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Question

Deposits and Tenancy Deposit Schemes (England)

Transfer of letting management and deposit protection scheme

2 Dec 2016 | 3 comments

I have let my property for the last 7 years, and would like to change letting agency due to poor service. I fear my contract with them won’t let me. Here is the relevant clause:

In the event that this agreement is is cancelled by yourselves prior to the arranging of a Tenancy an administration charge of £x is payable, If the agreement is cancelled during the period of tenancy with a tenant in occupation, then full management fees will be payable until the end of the occupation / lease with that tenant, whichever is the longer.

This means:
The tenant always belongs to
To end the contractual arrangement with the tenant must have moved out of the property.
– The property will need to be completely empty (unless rented as furnished)
– will need to be able to check the tenant out of the property
– All utility bills will need to have been closed / finalised
If during tenancy you wish to take over the tenant then a charge of £1000 plus VAT will be payable.

I know I was a fool to sign the above. For brevity I won’t go into it. The tenants are reasonable and unlikely to leave.

Do you think there is any way I can get out of this contract? I wondered if I could take the tenant over and then perhaps further down the line appoint a new agent, as I live a long way from my property. The truth is I’ve had to organise most maintenance and repairs myself the last 7 years.

The contract commits them to nothing.
Assuming there is any possibility, I do not really understand the position about the deposits. I believe it’s held with the mydeposits scheme, but I confess I don’t understand whether the agent is holding it, or a third party is. Do you have some reference material that might help me to understand it?

Answer

3 Comments

  1. VB_Landlord

    I fell victim to html! I had put ‘letting agency name’ in acute brackets and it is invisible on the page. The contract states the tenant belongs to the letting agency. And to end the contractual arrangement with the letting agency, the tenant must have moved out…et etc

  2. guildy

    This could be difficult to get out of depending on your situation.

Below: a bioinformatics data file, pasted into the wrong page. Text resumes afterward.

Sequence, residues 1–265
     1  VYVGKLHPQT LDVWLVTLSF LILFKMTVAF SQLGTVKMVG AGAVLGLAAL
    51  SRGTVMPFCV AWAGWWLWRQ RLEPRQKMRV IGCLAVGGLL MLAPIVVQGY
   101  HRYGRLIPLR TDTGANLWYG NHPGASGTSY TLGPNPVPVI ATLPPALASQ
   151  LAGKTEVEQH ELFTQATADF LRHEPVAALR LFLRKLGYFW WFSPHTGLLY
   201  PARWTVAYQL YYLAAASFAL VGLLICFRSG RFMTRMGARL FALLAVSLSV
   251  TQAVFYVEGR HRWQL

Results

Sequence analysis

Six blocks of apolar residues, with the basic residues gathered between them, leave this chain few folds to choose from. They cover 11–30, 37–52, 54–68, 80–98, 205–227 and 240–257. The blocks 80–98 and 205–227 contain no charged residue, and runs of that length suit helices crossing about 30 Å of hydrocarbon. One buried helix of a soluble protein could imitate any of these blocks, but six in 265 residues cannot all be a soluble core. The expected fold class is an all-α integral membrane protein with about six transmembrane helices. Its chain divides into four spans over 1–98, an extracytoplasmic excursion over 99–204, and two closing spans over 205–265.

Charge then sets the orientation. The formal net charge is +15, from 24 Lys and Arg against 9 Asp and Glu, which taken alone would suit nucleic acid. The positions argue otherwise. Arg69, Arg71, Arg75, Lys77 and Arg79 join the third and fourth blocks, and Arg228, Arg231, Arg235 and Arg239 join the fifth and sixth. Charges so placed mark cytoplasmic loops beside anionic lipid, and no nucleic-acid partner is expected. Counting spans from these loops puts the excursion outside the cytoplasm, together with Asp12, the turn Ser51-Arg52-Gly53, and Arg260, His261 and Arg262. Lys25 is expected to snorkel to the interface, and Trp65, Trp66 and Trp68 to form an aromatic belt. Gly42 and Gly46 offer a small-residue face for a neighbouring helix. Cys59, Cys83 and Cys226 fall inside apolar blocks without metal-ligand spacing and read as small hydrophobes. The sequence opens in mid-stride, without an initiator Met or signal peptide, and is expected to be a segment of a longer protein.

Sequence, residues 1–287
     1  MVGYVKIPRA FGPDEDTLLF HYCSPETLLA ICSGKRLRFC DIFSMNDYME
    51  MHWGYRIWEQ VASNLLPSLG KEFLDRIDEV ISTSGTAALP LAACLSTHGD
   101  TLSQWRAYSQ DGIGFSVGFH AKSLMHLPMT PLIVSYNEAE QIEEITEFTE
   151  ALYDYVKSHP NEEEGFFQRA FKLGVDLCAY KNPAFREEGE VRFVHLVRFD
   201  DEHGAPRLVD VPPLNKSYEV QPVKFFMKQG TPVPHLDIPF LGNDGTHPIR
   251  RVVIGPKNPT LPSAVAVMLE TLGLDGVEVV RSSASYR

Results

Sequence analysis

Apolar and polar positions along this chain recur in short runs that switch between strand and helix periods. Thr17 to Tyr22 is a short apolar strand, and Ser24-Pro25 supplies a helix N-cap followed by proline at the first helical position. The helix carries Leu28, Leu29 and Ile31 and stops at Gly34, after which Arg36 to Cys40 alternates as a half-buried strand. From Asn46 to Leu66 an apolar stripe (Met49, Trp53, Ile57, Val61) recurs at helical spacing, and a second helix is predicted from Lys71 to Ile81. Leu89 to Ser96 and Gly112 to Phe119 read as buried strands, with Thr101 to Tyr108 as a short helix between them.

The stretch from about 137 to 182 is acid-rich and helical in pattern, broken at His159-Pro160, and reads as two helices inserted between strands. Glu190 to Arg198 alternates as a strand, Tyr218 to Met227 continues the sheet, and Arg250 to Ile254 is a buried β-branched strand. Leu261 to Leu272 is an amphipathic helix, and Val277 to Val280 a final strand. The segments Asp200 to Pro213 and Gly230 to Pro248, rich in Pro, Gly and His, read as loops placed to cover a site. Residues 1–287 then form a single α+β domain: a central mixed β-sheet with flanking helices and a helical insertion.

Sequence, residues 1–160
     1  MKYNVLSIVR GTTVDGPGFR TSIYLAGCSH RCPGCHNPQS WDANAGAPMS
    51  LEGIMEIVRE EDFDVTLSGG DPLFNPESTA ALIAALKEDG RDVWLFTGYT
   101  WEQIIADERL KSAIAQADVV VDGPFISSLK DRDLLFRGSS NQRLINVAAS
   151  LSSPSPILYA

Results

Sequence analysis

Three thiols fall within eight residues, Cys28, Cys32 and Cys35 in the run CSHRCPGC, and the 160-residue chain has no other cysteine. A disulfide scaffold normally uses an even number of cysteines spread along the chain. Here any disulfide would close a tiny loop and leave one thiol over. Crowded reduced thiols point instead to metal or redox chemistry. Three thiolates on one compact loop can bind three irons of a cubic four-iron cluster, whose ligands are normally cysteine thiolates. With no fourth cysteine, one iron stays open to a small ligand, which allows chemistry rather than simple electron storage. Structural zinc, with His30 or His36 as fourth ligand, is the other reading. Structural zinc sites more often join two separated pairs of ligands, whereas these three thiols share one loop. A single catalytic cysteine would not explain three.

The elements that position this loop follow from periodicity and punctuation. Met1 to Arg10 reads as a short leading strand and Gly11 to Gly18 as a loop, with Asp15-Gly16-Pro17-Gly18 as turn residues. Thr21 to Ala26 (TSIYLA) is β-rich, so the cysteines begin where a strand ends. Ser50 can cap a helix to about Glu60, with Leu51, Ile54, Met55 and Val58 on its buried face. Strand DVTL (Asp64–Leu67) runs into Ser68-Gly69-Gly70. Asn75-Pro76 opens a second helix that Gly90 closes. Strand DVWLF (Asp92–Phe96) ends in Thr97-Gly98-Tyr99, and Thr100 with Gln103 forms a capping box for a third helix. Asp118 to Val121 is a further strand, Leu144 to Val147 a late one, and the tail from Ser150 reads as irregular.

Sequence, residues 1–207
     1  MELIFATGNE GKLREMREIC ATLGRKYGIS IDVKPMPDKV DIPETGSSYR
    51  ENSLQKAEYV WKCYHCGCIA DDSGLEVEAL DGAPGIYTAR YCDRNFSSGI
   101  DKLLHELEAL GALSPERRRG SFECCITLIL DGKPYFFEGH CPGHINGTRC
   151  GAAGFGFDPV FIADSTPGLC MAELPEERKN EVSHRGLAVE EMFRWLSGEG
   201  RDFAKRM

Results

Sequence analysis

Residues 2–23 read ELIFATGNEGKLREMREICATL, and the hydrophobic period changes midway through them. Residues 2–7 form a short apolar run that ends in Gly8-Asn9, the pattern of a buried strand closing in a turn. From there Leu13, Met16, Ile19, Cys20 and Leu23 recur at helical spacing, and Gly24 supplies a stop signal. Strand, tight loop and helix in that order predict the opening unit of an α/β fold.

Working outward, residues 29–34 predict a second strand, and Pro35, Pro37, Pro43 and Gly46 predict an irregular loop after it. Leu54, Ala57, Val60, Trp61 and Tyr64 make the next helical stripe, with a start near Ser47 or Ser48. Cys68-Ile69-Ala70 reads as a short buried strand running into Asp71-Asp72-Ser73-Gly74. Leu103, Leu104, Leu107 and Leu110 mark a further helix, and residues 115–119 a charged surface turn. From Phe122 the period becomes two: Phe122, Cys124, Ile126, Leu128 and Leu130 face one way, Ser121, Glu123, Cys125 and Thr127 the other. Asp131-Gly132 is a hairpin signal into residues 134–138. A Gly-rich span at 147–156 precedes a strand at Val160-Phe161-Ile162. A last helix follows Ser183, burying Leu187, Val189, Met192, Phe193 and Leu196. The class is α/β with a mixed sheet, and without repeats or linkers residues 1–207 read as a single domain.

If you are operating as a business then the Consumer Rights Act 2015 wouldn’t apply. If however, you are a “consumer” then any term in a standard contract (such as the one you signed) must be “fair”. In my view, locking somebody potentially for life wouldn’t be a fair term.

    In a Foxtons case which contained a similar clause, Foxtons made an out of court settlement by changing their term to a minimum two years after which notice could be given. Unfortunately that doesn’t set a precedent because it wasn’t ruled on by the court. However, they must have been worried otherwise they wouldn’t have changed the term at all.

    As I say though, that protection is only available between traders and consumers and doesn’t apply where its business to business.

    At what point a landlord becomes a business for the purpose of the legislation is not clear although the number of properties they let will be a factor (so if only one that is likely to be a consumer relationship).

    Otherwise, if you are saying they have not provided a good service, if you could find some breach of the contract from their side, that would possibly allow you to also not have to comply with that clause and therefore give notice.

    In respect of unprotecting a deposit mid-tenancy, please see this article.

  3. JungleProperty

    We helped a landlord client out of a very similar situation a few years ago and at one point the agent threatened legal action against the landlord. We took legal advice and drafted a letter for the landlord to sign and send to the agent. I don’t have the letter to hand right now but basically our stance was (rightly or wrongly) a termination fee that is a) not an adequate reflection of the actual costs incurred by the agent in terminating the contract aka penalty b) not explicitly pointed out to you when you signed the contract is an unfair term and therefore not enforceable. In a court of law the agent may well argue ‘it’s in the contract you signed’ but would they want the cost/bad press/risk of losing (after all they have this in EVERY client contract so have a lot to lose) ? I would suggest not so this large agent backed down and released the landlord without further ado. Good luck.

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